The proposals are part of a drive to cut re-offending rates by improving standards in prisons so that criminals are more prepared for life when they return to society.

Mr Gove said violence towards inmates and staff has risen – driven in part by the increasing availability of designer drugs.

“Unless offenders are kept safe and secure, in decent surroundings, free from violence, disorder and drugs, then we cannot begin to prepare them for a better, more moral, life,” he said.

“Our current prison estate is out of date, overcrowded and in far too many cases, insanitary and inadequate.

“There are many good people working in our prisons today but they are working in conditions which make their commitment to rehabilitation more and more difficult to achieve.”

Measures to improve security are under way, including a trial of new body-scanning equipment to prevent contraband entering prisons, but more must be done, Mr Gove said.

“That’s why I think we have to consider closing down the ageing and ineffective Victorian prisons in our major cities, reducing the crowding and ending the inefficiencies which blight the lives of everyone in them and building new prisons which embody higher standards in every way they operate,” he said.

“The money which could be raised from selling off inner city sites for development would be significant.

“It could be re-invested in a modern prison estate where prisoners do not have to share overcrowded accommodation but also where the dark corners that facilitate bullying, drug-taking and violence could increasingly be designed out.

“By getting the law right, getting operational practice right and getting the right, new, buildings we can significantly improve the security and safety of our prisons.”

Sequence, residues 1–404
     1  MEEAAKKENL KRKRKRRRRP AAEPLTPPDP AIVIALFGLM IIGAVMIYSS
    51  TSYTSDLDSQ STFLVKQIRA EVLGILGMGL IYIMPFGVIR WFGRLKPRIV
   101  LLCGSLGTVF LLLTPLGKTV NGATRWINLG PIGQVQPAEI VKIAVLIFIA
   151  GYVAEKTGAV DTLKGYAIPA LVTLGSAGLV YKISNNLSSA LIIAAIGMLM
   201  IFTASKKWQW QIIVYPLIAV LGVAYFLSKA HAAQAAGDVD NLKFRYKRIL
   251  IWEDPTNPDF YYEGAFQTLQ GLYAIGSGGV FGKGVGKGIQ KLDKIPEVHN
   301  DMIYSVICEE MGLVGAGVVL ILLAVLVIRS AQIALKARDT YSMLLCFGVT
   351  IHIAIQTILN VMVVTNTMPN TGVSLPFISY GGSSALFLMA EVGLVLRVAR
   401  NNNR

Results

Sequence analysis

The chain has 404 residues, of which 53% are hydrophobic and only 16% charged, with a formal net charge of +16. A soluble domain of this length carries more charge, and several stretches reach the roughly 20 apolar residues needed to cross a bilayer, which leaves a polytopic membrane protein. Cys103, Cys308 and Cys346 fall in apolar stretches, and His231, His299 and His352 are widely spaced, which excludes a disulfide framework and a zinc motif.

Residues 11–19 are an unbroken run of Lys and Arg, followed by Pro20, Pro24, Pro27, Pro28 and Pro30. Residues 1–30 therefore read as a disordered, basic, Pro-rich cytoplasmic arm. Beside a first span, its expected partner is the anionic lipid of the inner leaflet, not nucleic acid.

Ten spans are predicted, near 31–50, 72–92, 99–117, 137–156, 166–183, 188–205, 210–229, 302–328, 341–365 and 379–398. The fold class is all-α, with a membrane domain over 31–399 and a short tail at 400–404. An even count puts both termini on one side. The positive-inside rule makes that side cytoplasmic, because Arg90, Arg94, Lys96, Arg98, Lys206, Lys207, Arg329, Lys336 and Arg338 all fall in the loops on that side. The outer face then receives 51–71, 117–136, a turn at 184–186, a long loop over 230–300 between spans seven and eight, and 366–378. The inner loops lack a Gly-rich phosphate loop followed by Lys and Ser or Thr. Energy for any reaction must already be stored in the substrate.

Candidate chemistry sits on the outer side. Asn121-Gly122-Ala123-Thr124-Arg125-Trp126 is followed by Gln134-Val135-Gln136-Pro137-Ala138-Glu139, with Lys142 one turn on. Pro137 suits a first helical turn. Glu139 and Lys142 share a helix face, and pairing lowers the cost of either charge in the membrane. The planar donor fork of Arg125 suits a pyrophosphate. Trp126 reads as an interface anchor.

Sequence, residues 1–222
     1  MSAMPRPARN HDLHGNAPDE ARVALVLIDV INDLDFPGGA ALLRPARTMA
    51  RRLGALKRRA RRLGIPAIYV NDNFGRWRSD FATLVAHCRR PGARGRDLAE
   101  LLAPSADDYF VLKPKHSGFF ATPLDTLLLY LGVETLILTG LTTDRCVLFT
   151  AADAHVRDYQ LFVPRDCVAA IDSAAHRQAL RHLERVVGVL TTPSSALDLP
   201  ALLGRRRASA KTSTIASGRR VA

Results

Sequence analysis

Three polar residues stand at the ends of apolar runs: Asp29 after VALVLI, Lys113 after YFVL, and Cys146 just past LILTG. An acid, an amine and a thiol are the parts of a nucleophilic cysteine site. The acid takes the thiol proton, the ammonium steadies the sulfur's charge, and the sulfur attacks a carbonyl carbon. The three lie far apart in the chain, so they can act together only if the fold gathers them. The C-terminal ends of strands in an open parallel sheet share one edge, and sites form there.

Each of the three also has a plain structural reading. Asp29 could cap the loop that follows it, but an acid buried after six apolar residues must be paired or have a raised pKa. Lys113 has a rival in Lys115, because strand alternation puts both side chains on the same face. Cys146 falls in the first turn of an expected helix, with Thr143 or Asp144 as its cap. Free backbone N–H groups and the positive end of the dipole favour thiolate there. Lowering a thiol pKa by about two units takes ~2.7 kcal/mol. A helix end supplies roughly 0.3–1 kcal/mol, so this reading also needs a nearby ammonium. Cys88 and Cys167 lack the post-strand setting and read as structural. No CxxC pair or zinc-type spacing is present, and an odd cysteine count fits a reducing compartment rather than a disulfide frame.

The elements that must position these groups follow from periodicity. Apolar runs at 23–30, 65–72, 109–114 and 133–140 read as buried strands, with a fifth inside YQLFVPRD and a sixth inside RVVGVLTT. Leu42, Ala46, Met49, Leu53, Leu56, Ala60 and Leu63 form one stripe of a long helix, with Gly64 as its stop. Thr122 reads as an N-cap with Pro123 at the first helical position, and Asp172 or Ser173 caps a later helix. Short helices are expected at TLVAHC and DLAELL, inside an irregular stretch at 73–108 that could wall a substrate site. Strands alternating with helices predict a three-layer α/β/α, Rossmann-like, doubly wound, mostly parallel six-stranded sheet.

No indications of which prisons could face closure, or when, have yet been given.

However, Mr Gove singled out HMP Pentonville, a Victorian institution opened in 1842, as “the most conspicuous, most recent, example of the problem we face”.

He said the prison in north London is supposed to hold 900 inmates but now houses 1300 and referred to inspection findings such as widespread drug-taking, blood-stained walls and piles of rubbish.

“Of course, Pentonville is the most dramatic example of failure within the prison estate, but its problems, while more acute than anywhere else, are very far from unique. Overall, across the prison estate, the number of prisoners in overcrowded cells is increasing,” the minister added.

At the centre of Mr Gove’s approach is a focus on education for prisoners. In his first announcement on prisons earlier this week, he eased the restrictions covering inmates’ access to books.

“The most important transformation I think we need to make is not in the structure of the estate, it’s in the soul of its inmates,” he said.

Arguing that prisons are not playing their part in the “crucial” function of rehabilitating offenders, Mr Gove outlined his support for the concepts of “earned release” for offenders who commit to serious educational activity and attaching privileges to attendance and achievement in learning.

Currently, most offenders serving fixed term sentences are released automatically at the half-way point. Justice officials are set to look at how Mr Gove’s proposals could be implemented in practice in the coming months.

Steve Gillan, general secretary of the Prison Officers Association, said: “Education for prisoners is an essential ingredient along with other initiatives in tackling offending behaviour and we welcome the announcement by Mr Gove but wait to see the details in the policy as to how it will be achieved.

“We are taking a cautious approach as we have listened to these announcements before over the last 25 years and ultimately it has made no difference. Let us hope Mr Gove’s aspirations are fully funded and resourced appropriately.”

Mark Leech editor of The Prisons Handbook  ( for England and Wales welcomed the announcement.

“Like many others I too have heard these statements before and they have never been translated into practice, that said I welcome the Justice Secretary’s willingness to revisit the plans.”